ImageOnline citizen accounts, chartered by government for identity  creates opportunities for an alternative peer2peer economy network to emerge for transacting money, including layers of banking, savings and loans. A financial network without the expensive costs imposed by service providers, only using money issued by government, guaranteed by users through identity accounts. This would enable all currency to be invested back into the social environmental economy to create a robust utility focused solely on the needs of the community that it served. From these citizen-centric themes trust could evolve to transform hierarchical representative democracy into a participatory network society.

Written and Published by Oliver Ashton and Fred Garnett

@oliverashton – @fredgarnett

Thursday 7 June 2012

PeerPay Transaction Economy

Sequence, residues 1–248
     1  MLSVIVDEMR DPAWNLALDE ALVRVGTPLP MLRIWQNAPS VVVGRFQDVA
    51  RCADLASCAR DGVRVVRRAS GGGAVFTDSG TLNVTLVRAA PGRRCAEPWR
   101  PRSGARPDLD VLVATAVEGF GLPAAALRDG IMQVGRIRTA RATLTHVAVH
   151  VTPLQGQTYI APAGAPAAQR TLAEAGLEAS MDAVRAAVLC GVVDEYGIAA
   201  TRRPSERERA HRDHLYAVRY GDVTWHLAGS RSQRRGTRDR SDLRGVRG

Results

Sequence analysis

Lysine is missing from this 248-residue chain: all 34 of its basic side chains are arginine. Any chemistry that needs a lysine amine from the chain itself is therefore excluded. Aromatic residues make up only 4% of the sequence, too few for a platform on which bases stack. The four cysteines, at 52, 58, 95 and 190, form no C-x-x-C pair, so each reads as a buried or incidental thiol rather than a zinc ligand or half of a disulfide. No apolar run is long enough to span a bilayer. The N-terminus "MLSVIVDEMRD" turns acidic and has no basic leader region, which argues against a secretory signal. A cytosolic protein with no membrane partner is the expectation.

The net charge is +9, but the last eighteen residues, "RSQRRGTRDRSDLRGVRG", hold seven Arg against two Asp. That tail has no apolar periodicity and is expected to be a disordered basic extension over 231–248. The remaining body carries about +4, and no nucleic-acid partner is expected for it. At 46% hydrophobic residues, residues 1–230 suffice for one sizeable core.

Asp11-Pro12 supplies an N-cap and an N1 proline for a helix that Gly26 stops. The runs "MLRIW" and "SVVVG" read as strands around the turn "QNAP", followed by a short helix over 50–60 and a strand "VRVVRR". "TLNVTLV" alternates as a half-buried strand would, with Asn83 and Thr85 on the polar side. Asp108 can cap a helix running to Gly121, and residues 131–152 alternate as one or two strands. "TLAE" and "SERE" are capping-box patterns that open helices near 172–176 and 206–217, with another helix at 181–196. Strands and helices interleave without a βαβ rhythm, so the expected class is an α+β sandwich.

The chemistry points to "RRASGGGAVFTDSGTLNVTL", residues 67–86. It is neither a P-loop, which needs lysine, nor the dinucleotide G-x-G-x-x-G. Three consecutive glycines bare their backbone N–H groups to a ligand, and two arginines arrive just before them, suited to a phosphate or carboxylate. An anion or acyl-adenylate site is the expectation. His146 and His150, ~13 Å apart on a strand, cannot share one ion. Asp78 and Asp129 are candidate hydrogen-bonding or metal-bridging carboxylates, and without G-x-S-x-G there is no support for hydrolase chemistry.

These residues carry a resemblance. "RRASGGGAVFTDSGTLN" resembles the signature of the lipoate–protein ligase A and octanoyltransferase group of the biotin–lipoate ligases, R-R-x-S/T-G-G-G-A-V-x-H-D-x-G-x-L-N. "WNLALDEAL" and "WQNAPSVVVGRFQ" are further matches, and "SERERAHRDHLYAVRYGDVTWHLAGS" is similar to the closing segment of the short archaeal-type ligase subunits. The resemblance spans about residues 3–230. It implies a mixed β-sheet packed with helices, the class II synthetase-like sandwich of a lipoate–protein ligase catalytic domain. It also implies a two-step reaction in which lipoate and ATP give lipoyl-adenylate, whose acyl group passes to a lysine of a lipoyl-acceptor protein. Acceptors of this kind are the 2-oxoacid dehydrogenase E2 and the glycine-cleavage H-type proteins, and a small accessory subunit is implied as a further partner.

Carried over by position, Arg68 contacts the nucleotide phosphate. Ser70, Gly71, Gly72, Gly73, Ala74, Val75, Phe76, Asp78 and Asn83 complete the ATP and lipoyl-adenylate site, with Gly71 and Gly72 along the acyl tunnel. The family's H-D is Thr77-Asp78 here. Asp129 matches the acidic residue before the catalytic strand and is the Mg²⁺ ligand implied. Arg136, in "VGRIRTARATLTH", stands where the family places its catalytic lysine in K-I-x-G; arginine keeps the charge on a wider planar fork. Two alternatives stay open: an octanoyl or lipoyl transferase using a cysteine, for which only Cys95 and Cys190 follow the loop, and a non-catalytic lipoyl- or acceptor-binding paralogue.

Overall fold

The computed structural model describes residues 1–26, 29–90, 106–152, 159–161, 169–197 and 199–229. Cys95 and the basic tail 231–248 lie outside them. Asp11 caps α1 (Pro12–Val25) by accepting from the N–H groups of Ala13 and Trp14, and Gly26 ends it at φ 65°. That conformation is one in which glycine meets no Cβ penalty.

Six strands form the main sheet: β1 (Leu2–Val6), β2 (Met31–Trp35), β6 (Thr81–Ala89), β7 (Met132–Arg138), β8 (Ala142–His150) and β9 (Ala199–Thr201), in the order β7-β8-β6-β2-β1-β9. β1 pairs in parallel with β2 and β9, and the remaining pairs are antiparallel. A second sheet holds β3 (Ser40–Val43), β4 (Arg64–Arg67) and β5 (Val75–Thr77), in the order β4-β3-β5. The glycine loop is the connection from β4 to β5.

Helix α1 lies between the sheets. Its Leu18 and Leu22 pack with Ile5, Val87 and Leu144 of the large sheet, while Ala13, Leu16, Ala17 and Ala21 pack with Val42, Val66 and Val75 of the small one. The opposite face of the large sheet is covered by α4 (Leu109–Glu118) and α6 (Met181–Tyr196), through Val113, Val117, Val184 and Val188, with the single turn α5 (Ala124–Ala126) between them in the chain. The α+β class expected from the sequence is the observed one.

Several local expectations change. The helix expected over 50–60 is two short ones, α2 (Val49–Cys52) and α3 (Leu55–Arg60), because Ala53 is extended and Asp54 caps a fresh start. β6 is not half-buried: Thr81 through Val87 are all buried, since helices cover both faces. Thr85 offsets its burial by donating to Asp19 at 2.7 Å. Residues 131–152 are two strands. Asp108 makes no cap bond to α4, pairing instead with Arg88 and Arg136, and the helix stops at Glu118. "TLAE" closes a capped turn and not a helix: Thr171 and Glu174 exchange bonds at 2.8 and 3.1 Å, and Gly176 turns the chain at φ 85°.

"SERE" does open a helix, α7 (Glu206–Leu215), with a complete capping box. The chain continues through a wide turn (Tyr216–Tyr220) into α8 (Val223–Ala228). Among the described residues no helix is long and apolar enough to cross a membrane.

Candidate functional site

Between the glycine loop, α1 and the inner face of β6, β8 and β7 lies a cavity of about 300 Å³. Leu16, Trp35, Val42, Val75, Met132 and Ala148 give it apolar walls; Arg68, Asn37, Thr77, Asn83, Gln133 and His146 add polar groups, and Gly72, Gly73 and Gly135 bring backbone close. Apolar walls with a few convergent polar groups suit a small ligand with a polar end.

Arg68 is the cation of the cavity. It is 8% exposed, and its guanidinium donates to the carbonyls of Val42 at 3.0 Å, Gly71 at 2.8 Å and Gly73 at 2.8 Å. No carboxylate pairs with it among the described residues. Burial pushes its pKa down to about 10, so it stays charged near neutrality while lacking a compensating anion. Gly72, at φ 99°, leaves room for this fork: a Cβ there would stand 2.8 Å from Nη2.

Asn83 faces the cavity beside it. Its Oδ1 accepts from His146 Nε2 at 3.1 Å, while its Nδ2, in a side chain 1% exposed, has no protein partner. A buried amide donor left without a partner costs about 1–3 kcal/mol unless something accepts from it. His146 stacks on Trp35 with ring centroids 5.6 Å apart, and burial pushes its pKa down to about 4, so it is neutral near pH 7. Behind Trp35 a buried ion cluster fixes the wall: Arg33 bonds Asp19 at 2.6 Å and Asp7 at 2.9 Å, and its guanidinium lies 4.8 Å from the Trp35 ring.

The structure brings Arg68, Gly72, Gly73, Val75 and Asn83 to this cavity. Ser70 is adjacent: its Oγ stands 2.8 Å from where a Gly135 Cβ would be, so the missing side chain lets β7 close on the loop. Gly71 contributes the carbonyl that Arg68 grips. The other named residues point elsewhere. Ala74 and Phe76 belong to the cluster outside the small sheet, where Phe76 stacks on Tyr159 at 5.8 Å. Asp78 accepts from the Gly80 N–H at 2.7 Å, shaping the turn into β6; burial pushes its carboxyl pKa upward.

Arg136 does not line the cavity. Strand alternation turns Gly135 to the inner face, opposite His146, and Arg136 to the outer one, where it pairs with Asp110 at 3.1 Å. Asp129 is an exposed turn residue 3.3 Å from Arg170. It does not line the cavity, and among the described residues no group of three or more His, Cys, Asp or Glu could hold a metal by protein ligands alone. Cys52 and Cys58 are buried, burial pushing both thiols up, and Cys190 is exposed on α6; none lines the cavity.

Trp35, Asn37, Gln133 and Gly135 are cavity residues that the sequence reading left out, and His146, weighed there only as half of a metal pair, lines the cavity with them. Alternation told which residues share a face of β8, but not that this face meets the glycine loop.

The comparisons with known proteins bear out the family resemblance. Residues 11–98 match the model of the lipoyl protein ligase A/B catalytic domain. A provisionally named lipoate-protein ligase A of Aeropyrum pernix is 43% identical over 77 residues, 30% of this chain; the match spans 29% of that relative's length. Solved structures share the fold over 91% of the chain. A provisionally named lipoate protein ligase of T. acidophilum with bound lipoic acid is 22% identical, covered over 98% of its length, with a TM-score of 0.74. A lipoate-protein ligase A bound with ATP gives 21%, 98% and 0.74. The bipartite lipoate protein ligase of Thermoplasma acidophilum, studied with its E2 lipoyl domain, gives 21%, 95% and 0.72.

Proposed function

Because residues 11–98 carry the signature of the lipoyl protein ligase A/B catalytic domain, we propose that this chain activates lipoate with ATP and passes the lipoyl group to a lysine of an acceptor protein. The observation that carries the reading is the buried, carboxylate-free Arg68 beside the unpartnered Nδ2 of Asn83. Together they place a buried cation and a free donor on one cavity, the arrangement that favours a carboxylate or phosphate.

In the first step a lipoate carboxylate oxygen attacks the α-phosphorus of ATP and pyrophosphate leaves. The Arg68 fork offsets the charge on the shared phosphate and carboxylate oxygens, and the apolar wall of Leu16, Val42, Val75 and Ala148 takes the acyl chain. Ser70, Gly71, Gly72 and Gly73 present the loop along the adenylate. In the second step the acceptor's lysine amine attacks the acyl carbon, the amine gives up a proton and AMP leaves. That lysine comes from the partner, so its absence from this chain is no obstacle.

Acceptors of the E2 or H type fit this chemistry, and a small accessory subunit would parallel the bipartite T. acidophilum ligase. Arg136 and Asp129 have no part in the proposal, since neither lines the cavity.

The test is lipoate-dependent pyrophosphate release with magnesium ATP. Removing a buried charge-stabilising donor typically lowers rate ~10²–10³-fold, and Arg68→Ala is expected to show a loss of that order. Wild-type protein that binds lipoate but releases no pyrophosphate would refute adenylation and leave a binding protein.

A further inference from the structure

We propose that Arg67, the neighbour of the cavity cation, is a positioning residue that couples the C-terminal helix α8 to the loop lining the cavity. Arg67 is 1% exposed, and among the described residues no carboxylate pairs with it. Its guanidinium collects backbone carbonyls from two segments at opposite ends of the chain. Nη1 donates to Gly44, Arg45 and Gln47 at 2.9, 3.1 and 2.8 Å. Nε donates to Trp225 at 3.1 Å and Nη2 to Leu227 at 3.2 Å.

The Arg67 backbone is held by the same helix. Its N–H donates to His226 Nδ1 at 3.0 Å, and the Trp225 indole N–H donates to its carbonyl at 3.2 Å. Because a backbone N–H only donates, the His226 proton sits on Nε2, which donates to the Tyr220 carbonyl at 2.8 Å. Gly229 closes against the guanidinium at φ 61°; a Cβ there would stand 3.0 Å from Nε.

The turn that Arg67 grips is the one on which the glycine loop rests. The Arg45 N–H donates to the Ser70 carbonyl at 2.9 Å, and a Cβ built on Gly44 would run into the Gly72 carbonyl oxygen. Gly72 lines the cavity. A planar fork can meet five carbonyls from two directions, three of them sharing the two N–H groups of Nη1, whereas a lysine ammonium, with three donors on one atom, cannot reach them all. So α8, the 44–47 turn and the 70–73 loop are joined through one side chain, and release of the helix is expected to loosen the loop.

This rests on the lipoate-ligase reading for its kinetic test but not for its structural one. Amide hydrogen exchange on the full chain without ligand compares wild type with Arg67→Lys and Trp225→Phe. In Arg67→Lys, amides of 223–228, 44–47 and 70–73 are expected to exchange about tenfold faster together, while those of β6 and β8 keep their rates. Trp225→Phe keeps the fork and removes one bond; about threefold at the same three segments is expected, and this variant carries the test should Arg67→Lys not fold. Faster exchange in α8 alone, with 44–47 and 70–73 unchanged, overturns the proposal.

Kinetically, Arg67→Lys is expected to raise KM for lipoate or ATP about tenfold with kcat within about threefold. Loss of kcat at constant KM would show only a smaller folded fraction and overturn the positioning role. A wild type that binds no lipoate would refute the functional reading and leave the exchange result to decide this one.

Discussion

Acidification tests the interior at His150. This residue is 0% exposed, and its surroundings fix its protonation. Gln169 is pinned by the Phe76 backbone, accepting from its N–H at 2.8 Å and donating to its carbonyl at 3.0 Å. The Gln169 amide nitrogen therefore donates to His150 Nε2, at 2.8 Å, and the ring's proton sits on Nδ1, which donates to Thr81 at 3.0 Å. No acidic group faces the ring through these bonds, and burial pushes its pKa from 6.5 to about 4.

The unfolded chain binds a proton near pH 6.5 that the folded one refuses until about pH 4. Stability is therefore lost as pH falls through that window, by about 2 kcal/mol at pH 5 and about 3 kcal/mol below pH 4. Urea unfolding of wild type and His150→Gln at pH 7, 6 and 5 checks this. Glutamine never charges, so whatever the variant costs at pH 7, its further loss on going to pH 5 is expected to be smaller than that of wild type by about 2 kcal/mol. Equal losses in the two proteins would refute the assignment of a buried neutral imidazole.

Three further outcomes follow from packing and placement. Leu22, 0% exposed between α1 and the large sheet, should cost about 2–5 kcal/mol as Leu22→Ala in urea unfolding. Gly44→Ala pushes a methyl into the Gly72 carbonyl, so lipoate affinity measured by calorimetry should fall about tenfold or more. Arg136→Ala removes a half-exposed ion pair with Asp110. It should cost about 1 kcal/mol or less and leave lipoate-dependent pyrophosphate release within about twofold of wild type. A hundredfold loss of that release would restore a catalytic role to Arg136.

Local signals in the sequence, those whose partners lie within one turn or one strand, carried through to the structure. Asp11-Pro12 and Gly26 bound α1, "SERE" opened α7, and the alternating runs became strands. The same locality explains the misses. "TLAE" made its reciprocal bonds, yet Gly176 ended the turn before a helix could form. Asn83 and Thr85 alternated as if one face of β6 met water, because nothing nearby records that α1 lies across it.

Creating Economy Networks, One Transaction at a Time

Peerpay is a peer2peer mobile wallet facilitating NFC Text transactions. The product is free to download and free to use, offering pricing transparency, coupons, discounts, peer cash-back and  augmented reality [AR] search. Merchants can operate hyper local customer loyalty programs; text,  splash page and location marketing; plus group settings to reward customers  for shopping locally on the high street.  

Peerpay takes advantage of changes in consumer behavior in social networks, e-commerce and
online banking. This opportunity coupled with online mobile technology gives Peerpay room to slash debit credit card costs, by circumnavigating merchant card payment terminals; cutting direct to consumer charges, indirect hidden charges, out-dated land based banking infrastructure and expensive cash machines.  

Peerpay reengineers digital money to flow more freely between the population by giving the processing power back to the merchant, who in turn can pass the cost savings back to the consumer through the customer service model. Using money with out expensive intermediary service providers stops extraction and stimulates the local economy to fulfill a self generative wealth cycle to create an economy network one transaction at a time.